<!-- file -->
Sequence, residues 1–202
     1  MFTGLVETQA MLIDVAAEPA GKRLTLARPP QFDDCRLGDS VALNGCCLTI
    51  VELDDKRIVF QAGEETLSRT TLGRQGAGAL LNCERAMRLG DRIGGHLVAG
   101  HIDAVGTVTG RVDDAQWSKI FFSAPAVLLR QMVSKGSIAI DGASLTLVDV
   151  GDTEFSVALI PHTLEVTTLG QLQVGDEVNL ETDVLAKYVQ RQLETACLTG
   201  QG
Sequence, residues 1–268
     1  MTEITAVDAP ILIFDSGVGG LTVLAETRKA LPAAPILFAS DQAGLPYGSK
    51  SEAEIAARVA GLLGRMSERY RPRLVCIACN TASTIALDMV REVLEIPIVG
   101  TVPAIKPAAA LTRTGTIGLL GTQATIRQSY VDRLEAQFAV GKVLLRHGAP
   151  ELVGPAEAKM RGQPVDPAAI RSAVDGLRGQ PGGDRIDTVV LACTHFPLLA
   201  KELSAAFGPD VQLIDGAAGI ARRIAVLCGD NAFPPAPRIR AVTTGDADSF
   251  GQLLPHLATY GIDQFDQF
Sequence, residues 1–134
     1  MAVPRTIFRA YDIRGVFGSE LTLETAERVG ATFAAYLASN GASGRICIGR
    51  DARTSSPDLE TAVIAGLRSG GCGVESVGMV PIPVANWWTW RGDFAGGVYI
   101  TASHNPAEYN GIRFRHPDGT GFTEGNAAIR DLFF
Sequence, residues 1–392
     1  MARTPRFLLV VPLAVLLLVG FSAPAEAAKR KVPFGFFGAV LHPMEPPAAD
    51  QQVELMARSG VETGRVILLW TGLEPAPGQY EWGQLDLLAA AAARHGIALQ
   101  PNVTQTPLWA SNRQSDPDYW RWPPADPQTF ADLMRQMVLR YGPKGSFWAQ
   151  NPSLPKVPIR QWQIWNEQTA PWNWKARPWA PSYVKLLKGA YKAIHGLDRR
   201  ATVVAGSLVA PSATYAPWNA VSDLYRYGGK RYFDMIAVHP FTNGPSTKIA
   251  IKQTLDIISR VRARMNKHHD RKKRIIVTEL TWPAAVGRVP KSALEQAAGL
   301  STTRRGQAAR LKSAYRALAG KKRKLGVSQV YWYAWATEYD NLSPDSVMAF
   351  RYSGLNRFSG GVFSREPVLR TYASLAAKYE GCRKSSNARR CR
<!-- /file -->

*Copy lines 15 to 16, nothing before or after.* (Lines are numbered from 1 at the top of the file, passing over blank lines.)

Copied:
     1  MAVPRTIFRA YDIRGVFGSE LTLETAERVG ATFAAYLASN GASGRICIGR
    51  DARTSSPDLE TAVIAGLRSG GCGVESVGMV PIPVANWWTW RGDFAGGVYI